Taffarel was a trailblazer, Dida and Julio Cesar consolidators, and with Alisson and Ederson Brazilian goalkeeping has come full circle. The England-based duo possess all the qualities associated with the Brazilian school: shot-stopping ability, a preference for catching the ball over palming it away, and a cool-headed mentality.
“You know, from the moment Alisson started playing at Roma he has enjoyed a natural growth. We all expected it, because in Brazil he had already shown his potential. He always showed that in the Brazilian team as well. For us, it is very important. For the Brazilian goalkeepers it opens a lot of doors in Europe when they’re spoken of well. Ederson has impressive potential. Over time he will grow.”
The Manchester City custodian is more assertive than his Liverpool counterpart, or at least Pep Guardiola’s style of play allows him to be. Ederson’s composure in possession and passing qualities make him the perfect fit for the Premier League champions.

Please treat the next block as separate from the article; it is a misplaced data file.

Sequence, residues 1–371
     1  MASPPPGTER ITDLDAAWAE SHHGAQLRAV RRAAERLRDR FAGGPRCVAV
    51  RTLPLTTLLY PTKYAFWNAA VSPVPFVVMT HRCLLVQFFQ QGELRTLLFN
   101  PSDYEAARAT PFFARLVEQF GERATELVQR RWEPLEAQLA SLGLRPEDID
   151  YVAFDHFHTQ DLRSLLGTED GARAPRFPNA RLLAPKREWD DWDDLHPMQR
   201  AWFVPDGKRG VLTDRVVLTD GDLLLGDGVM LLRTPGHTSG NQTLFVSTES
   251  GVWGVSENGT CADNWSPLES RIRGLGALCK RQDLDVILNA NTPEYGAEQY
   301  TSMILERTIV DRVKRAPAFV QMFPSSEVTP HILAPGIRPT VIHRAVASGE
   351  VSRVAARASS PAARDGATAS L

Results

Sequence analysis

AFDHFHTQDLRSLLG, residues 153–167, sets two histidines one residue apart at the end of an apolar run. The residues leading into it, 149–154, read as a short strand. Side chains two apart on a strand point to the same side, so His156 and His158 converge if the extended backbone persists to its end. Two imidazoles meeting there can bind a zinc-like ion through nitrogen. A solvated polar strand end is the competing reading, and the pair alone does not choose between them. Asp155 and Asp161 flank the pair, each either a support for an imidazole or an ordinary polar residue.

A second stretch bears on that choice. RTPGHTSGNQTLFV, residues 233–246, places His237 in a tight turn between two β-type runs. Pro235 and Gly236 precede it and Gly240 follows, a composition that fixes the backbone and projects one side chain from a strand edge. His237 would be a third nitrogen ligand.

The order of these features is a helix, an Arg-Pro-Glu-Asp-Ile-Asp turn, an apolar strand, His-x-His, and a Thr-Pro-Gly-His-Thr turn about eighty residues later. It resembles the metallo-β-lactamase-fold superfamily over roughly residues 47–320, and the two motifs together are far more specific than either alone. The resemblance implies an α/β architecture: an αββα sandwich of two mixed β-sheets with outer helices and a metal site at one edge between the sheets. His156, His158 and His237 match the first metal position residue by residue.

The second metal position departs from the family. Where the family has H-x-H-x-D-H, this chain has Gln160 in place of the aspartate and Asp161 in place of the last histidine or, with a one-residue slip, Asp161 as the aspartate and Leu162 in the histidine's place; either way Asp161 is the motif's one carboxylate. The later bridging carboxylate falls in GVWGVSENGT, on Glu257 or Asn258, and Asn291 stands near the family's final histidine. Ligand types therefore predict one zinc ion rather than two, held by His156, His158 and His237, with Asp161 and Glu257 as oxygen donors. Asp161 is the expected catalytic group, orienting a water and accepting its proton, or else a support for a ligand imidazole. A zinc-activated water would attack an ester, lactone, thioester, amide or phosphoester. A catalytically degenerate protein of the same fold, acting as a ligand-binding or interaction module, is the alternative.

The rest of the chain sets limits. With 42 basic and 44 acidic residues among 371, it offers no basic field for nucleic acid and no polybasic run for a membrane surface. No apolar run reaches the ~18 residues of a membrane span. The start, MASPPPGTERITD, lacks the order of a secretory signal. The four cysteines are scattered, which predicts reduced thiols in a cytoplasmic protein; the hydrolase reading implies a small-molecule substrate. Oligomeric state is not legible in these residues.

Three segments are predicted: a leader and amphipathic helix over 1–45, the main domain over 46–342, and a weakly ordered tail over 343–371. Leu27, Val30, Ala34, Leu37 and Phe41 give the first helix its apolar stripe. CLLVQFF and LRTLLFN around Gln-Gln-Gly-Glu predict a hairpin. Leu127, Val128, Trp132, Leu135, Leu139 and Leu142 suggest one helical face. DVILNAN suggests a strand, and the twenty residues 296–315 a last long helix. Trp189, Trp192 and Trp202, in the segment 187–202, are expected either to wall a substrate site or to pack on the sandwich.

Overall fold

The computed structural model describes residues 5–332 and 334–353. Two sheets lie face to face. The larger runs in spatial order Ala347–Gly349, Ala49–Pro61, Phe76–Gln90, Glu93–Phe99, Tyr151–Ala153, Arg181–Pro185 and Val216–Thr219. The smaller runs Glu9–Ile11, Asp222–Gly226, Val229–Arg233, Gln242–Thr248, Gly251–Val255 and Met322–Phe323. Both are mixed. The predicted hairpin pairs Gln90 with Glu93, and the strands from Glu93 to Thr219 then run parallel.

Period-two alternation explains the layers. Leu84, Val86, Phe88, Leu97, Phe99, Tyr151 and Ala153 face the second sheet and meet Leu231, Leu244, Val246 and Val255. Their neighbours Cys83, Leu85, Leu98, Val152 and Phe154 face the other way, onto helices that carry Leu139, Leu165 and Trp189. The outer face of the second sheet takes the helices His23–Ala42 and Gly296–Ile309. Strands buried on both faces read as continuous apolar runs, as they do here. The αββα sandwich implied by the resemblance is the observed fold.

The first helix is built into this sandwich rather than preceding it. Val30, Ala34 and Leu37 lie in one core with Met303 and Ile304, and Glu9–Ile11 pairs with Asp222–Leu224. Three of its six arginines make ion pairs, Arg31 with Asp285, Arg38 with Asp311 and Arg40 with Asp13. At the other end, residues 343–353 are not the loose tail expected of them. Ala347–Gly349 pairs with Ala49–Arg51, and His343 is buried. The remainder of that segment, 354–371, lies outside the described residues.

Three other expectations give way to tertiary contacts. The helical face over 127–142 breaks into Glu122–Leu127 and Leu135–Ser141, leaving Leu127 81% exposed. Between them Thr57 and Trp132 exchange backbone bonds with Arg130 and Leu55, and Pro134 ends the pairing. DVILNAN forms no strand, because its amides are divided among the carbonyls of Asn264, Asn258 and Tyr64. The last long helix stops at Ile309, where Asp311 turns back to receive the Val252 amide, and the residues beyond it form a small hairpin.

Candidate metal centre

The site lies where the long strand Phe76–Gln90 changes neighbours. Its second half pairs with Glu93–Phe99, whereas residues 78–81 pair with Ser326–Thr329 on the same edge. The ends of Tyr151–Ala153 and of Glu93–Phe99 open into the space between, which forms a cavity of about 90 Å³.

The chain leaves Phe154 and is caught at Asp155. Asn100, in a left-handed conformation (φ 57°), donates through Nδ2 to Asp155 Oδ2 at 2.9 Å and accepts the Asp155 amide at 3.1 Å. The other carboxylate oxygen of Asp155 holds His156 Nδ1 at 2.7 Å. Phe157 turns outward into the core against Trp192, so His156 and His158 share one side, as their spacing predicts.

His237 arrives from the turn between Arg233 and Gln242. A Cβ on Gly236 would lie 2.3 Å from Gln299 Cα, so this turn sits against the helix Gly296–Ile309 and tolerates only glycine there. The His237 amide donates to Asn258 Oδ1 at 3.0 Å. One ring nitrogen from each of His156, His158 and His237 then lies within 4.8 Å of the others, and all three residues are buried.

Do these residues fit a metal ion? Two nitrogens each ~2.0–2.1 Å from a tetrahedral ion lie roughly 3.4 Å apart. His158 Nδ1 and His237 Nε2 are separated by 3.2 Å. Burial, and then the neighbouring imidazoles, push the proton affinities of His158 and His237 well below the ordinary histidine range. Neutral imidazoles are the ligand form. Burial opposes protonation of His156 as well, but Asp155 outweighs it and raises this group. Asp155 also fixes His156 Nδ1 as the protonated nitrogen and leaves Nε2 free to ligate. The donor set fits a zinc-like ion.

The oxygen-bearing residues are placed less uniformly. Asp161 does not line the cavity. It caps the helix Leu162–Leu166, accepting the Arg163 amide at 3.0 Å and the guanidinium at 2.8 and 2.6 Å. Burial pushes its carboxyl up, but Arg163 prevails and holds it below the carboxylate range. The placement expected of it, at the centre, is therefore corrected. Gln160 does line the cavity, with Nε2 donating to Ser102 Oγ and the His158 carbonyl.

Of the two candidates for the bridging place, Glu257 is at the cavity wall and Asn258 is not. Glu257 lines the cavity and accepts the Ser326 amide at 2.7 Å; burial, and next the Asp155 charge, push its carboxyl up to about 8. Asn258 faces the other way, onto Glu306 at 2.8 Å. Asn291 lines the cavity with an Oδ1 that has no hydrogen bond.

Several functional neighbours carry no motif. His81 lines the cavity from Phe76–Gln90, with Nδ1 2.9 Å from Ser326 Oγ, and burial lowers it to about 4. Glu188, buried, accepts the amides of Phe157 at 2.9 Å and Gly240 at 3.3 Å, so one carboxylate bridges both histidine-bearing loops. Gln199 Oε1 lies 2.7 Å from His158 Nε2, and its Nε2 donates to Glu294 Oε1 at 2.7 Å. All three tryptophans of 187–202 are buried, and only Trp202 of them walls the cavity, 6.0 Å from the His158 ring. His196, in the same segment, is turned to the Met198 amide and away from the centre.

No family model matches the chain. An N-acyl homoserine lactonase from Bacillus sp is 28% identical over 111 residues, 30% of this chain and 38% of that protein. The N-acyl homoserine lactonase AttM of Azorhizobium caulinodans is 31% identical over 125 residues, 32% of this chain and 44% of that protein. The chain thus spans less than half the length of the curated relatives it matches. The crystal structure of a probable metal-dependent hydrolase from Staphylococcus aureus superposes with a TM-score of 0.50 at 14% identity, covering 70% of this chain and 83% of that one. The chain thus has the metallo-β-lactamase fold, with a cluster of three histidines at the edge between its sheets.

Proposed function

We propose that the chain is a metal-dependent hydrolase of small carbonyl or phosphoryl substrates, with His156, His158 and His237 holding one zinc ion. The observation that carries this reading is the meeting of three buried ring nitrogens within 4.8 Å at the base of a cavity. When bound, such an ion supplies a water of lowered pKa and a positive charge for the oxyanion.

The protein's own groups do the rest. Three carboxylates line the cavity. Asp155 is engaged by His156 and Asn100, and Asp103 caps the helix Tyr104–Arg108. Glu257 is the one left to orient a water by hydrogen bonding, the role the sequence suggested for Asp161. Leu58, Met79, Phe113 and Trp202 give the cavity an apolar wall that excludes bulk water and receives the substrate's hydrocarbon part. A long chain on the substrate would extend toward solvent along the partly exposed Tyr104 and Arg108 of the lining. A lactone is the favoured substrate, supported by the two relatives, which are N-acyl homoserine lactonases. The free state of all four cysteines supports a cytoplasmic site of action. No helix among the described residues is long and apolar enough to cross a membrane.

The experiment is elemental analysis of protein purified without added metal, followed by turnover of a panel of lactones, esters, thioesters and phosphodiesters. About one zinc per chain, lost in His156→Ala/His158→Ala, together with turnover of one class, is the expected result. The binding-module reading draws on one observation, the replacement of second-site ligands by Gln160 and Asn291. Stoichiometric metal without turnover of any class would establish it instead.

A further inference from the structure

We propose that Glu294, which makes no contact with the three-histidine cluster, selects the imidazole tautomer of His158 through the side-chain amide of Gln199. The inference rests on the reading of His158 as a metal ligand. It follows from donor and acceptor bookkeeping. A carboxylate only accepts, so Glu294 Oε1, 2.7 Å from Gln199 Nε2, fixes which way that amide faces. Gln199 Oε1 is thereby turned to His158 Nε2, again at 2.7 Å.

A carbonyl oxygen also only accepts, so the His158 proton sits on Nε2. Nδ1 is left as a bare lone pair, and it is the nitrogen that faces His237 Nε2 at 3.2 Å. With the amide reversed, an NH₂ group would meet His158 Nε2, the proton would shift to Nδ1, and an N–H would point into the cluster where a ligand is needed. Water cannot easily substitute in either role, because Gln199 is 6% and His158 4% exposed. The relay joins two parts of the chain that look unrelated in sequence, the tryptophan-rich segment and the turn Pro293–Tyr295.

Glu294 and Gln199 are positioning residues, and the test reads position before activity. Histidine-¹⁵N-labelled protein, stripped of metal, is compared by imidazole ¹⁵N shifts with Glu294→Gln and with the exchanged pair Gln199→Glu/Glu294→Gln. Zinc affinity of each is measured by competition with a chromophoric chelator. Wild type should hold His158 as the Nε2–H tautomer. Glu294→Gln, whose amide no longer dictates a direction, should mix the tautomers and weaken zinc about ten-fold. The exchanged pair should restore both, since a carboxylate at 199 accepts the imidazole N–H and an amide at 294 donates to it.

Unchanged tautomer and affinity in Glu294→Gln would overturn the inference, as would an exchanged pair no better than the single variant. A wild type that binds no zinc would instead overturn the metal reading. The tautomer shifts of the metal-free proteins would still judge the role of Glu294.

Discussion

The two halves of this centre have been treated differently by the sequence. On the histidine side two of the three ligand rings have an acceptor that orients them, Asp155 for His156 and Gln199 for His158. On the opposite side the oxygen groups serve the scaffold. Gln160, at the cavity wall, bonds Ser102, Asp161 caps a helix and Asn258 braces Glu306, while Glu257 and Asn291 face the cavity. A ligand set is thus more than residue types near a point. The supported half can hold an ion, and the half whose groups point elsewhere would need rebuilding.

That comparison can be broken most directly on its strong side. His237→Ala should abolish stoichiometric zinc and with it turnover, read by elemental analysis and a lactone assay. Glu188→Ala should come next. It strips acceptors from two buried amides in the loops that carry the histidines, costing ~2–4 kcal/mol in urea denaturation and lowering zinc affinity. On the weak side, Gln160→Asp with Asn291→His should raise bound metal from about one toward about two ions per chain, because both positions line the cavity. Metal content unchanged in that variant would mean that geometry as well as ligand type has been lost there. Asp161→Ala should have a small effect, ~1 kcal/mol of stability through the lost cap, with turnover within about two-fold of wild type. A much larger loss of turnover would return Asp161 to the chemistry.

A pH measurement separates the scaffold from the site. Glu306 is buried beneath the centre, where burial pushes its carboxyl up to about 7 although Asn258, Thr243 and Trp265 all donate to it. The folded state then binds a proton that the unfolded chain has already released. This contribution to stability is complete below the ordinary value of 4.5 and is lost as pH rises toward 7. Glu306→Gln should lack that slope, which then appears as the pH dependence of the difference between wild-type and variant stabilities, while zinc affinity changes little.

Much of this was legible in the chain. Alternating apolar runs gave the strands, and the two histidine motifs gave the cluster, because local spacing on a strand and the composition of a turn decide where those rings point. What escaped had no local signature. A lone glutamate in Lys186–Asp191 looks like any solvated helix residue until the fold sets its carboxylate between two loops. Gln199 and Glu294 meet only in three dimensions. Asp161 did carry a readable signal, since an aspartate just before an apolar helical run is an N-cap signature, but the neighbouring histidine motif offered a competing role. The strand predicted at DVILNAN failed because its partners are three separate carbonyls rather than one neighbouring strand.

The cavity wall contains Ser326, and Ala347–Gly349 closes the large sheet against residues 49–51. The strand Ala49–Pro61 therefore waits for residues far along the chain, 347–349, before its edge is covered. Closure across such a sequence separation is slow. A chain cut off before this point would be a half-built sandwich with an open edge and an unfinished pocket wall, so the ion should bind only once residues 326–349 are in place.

“Ederson already played well with his feet at Benfica,”explains Taffarel. “At City, he’s playing much better. When you watch a game of his at City, he plays the ball more with his feet than with his hands. That’s the game of Guardiola. It’s logical that when a goalkeeper tries to perfect what he’s doing, the better he gets. There’s no doubt that with Guardiola’s game Ederson has grown a lot.”
Ederson’s style is not unlike that of Manuel Neuer, the archetypal modern-day sweeper-keeper. The German’s swashbuckling style and willingness to clean up outside his own box earned him plenty of plaudits at the 2014 World Cup, when die Mannschaft won a fourth world title. Taffarel recognises the comparison.
“Neuer was the guy who began playing with the feet, but Ederson plays better with his feet than Neuer,” he says. “It’s a different style. Neuer plays the ball a bit more outside of the box. At City, they play inside the box with the goalkeeper. Neuer’s game is much riskier. Neuer really made the goalkeeper participate in the game. Neuer was the instigator of this.”